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Digital Subscriptions > Psychologies > January 2020 > Joyful tidings

Joyful tidings

Anita Chaudhuri allows her inner martyr to take a break as she lets go of suffering and unwraps a more sparkling range of emotions

The word most synonymous with festive cheer must surely be joy. From traditional Christian carols that proclaim ‘joy to the world’ to cards emblazoned with ‘Joyeux Noel!’, it’s a word as Christmassy as chestnuts roasting on an open fire or a box of liqueur chocolates.

Strange then, that joy is an emotion that we rarely acknowledge throughout the rest of the year, let alone prioritise. ‘We often believe that joy is childish; a bit silly or superficial, especially because it’s an emotion that lives in small moments that are easily overlooked,’ says Ingrid Fetell Lee, creator of the hit TED talk ‘Where joy hides and how to find it’ (2.4 million views) and author of Joyful: The Surprising Power Of Ordinary Things To Create Extraordinary Happiness (Ebury Publishing, £20). ‘In fact, research indicates that joyful moments are really powerful. Joy can improve our performance at work as well as change the way we interact with others, and it can make us 12 per cent more productive because it improves our working memory, the part of the brain we use for complex tasks during which we need to focus.’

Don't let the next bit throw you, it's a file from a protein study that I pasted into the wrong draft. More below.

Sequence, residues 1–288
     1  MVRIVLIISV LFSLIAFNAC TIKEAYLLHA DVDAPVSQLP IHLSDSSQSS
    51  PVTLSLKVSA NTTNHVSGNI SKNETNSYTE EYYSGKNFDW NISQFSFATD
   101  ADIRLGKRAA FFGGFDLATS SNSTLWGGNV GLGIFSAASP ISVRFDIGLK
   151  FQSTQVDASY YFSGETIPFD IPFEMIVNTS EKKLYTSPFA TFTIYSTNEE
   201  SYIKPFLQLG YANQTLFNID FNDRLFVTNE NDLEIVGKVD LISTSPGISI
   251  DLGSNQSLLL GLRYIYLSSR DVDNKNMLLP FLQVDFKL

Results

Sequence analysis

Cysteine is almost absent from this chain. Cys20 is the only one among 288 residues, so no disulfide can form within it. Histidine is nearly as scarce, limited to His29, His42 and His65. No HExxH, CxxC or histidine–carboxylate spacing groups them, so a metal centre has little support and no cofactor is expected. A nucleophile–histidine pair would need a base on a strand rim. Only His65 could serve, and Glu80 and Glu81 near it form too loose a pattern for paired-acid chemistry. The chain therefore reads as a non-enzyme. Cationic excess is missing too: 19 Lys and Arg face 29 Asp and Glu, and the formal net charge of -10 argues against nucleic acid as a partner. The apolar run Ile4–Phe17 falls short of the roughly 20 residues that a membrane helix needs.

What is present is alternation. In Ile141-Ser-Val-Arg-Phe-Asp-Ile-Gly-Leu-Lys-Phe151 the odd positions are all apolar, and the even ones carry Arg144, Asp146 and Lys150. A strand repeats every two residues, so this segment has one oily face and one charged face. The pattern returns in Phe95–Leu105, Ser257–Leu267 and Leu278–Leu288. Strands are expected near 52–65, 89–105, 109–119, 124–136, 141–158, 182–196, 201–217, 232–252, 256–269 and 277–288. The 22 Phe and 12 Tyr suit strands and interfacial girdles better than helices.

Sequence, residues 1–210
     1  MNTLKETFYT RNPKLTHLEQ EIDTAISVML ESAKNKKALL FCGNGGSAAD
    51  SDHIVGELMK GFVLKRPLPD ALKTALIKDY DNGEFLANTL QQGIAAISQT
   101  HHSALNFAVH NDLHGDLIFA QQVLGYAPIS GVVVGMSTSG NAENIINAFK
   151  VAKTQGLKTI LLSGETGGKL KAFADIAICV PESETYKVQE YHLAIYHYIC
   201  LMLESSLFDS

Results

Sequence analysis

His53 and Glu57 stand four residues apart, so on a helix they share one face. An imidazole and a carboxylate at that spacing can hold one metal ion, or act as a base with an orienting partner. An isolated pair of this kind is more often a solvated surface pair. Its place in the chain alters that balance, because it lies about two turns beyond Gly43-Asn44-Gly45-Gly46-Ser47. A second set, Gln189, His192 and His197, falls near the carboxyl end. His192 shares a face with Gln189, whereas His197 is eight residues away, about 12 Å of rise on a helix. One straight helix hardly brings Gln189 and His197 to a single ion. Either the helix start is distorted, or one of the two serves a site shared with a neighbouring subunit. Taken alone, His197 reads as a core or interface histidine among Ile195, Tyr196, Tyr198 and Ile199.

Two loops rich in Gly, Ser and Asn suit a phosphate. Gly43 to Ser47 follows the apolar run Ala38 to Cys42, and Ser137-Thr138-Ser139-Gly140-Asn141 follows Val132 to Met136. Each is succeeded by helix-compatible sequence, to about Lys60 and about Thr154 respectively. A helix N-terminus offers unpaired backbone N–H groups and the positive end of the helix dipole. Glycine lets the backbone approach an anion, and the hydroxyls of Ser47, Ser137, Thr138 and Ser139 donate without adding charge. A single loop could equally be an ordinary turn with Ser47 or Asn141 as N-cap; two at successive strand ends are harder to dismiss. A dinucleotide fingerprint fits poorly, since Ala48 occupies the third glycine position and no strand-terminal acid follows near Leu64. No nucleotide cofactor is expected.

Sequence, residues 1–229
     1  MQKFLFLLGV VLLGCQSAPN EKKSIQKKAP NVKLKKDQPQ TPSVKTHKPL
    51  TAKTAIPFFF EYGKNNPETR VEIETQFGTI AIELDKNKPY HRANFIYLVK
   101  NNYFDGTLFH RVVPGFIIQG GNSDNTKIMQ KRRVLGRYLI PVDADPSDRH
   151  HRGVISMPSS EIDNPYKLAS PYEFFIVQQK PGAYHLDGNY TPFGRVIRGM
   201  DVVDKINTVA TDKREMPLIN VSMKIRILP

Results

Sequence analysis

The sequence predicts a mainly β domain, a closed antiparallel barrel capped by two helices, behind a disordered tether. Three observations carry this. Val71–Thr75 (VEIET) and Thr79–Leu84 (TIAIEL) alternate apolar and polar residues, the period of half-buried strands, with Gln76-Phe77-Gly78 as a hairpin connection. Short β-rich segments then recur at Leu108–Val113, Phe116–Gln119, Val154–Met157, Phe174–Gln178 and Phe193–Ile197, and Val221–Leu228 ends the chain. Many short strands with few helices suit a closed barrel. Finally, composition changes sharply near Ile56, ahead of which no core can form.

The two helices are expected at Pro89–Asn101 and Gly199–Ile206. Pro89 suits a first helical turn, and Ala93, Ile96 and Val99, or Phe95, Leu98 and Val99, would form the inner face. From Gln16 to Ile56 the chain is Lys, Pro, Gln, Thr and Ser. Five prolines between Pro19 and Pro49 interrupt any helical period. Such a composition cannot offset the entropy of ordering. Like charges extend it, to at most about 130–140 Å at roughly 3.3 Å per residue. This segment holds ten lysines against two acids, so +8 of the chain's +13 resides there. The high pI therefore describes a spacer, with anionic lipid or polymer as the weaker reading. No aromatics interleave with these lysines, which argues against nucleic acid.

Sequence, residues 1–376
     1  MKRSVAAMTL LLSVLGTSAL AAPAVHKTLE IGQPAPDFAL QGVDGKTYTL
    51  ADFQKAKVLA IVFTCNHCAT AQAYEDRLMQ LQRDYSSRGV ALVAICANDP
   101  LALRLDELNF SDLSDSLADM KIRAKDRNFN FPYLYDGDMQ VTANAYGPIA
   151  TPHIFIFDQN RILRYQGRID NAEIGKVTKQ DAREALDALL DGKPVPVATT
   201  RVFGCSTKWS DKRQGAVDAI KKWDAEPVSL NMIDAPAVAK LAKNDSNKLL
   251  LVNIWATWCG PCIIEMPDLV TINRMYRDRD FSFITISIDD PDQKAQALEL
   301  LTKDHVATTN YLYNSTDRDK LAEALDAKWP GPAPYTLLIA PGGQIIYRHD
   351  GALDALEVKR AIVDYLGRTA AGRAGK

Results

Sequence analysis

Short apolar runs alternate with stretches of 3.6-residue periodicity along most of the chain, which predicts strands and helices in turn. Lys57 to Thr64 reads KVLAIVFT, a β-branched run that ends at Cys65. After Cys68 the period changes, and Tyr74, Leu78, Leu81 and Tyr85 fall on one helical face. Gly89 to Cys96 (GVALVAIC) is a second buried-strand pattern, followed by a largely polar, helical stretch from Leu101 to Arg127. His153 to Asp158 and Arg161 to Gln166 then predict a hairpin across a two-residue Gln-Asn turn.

According to Fetell Lee, the most counterintuitive behaviour people adopt concerning joy is the tendency to postpone it, particularly when we’re going through challenging times. ‘Typically, we might say: ‘I won’t go for dinner with my friends tonight – I’ll stay home and work on the project that’s stressing me out. I can have fun next week when it’s all over.’ The truth is that if we allow ourselves to experience joy during di.cult times, it helps us to combat stress. Joy allows us to develop more resilience and find more meaning and purpose in the midst of challenges,’ she says.

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